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Family Secrets: When Dad isn't the Biological Father

By Madeline Holler |

paternity test, biological father

Sometimes, a father just doesn't know.

There’s a sentiment that makes the rounds every Father’s Day, one that is meant to separate good men from the rest. It goes something like, “Any man can be a father, but it takes a special one to be a dad.”

Fathers make babies, but dads support, raise and love their children from birth and beyond.

Writing for the Good Men Project and excerpted on Jezebel, Hugo Schwyzer explains there’s a third option, a kind of father/dad. Schwyzer says there’s a strong possibility that he’s one such parent, and he’s pretty sure he’s not the only one.

Fourteen years ago, Schwyzer’s “friend with benefits” told him she was pregnant. The thing is, she had been seeing another man while she was seeing Schwyzer. The woman broke things off with Schwyzer and married the other guy, who doesn’t know there’s any question of the now teen boy’s paternity.

Schwyzer promised he’d never demand a paternity test — and he won’t now, even though he’s always wondered whether the boy might biologically be his. He’s now the doting father of a little girl, a stable and married husband and father. While he wonders about the boy who will soon be a teen, he writes that the boy’s mother is the one with the real emotional burden.

The specifics of human reproduction mean that men may have children of whose existence they are unaware, and they may unwittingly raise as their own children conceived with another man’s sperm. But women have it harder, and not only in terms of pregnancy, labor, and delivery. It is Jill, not I, who carries the burden of an unresolved question through her relationship with her husband and her first-born son. Perhaps that weight has become so light that she’s forgotten it altogether. I hope so.

He concludes with the idea that fathers give up sperm, dads give up their hearts. And that may be true for him. But I think Schwyzer — or even the pithy sentiment — can’t really capture all the complexities of the human heart and modern science and accidental pregnancies. Schwyzer’s is an old story, really. How many novels cover this same territory? The modern complicating factor is that we have ways of concluding, beyond doubt, who shares what DNA with whom.

Though Schwyzer has found peace with his decision to not ask for certainty, I can’t help but wonder what it means for this boy and his dad-possibly-not-father — whether they do or will know or suspect there’s a bigger family story here. Just because Schwyzer’s reached a comfortable conclusion — that he, himself, understands the father/dad distinction — doesn’t mean the a new story isn’t starting for a couple of other men somewhere off in the distance. It doesn’t mean other mere fathers have come to similar conclusions of their own.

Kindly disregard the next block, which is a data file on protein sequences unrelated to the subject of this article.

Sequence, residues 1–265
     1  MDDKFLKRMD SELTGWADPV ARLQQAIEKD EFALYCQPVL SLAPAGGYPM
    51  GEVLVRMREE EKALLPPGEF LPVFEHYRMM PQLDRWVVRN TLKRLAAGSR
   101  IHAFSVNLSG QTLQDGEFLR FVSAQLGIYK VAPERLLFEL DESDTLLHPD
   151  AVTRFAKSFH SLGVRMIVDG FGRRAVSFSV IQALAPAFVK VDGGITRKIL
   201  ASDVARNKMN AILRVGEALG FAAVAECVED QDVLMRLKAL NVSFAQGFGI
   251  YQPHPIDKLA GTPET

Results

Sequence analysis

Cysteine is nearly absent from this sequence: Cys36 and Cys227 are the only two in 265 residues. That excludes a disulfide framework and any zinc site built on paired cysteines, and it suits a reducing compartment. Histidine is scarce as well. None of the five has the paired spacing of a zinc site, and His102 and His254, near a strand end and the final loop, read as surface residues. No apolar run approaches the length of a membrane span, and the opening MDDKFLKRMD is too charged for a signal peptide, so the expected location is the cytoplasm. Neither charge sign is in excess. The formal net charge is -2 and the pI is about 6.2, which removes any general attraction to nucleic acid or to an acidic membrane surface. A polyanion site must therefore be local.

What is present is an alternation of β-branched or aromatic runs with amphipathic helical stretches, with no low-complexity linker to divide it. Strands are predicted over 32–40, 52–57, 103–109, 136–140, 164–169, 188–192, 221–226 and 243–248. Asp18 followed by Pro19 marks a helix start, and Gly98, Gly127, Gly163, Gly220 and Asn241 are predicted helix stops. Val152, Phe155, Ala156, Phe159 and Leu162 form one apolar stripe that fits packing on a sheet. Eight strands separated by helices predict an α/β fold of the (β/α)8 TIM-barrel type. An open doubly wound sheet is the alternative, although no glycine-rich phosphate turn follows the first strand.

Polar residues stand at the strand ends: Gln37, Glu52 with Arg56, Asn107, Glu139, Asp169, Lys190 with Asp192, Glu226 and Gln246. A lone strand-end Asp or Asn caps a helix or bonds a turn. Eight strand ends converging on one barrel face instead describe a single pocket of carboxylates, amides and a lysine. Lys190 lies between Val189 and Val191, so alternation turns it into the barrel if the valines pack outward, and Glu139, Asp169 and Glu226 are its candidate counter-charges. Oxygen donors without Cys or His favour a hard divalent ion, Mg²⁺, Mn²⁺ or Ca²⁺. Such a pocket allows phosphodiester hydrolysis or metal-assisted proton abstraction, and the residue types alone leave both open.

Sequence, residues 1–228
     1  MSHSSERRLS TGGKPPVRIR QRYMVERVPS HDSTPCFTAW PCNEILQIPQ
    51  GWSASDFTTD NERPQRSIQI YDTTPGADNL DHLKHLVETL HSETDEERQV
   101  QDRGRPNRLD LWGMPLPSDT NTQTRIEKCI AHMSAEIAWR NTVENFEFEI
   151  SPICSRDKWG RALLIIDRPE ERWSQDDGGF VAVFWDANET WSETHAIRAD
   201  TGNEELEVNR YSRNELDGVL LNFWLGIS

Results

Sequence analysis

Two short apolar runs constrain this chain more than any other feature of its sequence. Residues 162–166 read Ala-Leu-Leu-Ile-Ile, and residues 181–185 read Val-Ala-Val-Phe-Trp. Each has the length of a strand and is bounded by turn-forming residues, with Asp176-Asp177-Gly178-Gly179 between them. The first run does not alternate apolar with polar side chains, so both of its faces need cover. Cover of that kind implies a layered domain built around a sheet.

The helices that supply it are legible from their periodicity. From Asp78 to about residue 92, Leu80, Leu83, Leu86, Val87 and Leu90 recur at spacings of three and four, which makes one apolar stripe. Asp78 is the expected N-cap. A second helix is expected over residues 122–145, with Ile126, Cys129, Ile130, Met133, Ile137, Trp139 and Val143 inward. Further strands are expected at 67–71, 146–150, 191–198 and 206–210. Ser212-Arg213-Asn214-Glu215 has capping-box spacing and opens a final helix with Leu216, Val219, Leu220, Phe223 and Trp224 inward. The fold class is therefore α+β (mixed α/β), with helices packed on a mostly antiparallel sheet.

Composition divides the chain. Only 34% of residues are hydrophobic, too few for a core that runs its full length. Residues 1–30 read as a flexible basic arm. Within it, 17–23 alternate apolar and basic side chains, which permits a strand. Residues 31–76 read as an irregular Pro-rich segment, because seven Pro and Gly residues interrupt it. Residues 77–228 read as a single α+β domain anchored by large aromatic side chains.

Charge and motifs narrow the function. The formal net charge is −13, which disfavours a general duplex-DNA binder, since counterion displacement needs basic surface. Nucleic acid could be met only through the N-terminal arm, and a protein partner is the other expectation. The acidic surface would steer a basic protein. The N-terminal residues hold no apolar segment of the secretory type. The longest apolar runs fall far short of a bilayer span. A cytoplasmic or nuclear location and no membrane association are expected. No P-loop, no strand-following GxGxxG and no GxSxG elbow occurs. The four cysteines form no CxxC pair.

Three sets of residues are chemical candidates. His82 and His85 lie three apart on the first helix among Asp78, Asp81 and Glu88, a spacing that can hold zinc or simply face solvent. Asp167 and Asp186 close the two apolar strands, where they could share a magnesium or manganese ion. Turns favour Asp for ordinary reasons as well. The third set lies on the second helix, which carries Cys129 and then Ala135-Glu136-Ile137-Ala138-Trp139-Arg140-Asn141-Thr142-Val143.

How do you think family secrets like this should be handled?

Read more about the Good Men Project.

Photo: heymarchetti via flickr

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About Madeline Holler


Madeline Holler

Madeline Holler is a writer, journalist, and blogger. She has written for Babble since the site launched in 2006. Her writing has appeared in various other publications both online and in print, including Salon and True/Slant (now Forbes). A native of the Midwest, Madeline lives, writes, and parents in Southern California, where she's raising two daughters and a son. Read bio and latest posts → Read Madeline's latest posts →

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8 thoughts on “Family Secrets: When Dad isn't the Biological Father

  1. bob says:


  2. Diana says:

    i dont share the same sentiments with him , the women is wrong to not disclose the possiblity that the man she married is not the father of her son she set him up to have an obligation to support her child. it may have made him feel obligated to marry her…and she may have been in the relationship before they were married and not told him there was more then one man. i also believe even though you as the bioligical sperm donar did not parent the child it should be disclosed to the child you are there parent for many reasons heritage, medical so many reasons..

  3. Andrea says:

    I’m sorry, that woman is a lying slut, and the poor man who married her deserves to know the truth. I wonder how he would feel knowing he has given his heart to a child not his own, unknowingly? Disgusting.

  4. cheri says:

    Tell us how you really feel, andrea. :)

  5. Gib says:

    Andrea has the right idea.

  6. anon says:

    You should read all of Hugo.

    The guy is a sociopath. I am serious about this. He preys on young women and brags about it, and the projects his own bizarre unethical behavior as the normal behavior of men. And for that last, feminists flock around him and defend him for his “honesty.”

    In this case, 14 years ago, he participated in a lie against two innocents, the child who deserves to know who where his medical ancestry lies, and the “Ted”, who was lied into believing a child was his when it was not, and thus put on the hook emotionally and financially for a child not his.

    In the past, just google it, Hugo as professor admits sleeping with young students, taking drugs, and lots and lots of stuff.

    The guy is a sociopath.

  7. Hugo Schwyzer says:

    Thanks, Madeline, for writing a fair and even-handed piece. Much appreciated.

  8. Linda, t.o.o. says:

    @Schyzer, LOL. Where’s your care abut “fairness” for the poor sucker who has paid to raise your kid while being lied to, not to mention what you and the mother have done to the child. Are you going to fess up when he’s an adult for his entire medical history isn’t false? No one ethical would be a party to this lie.

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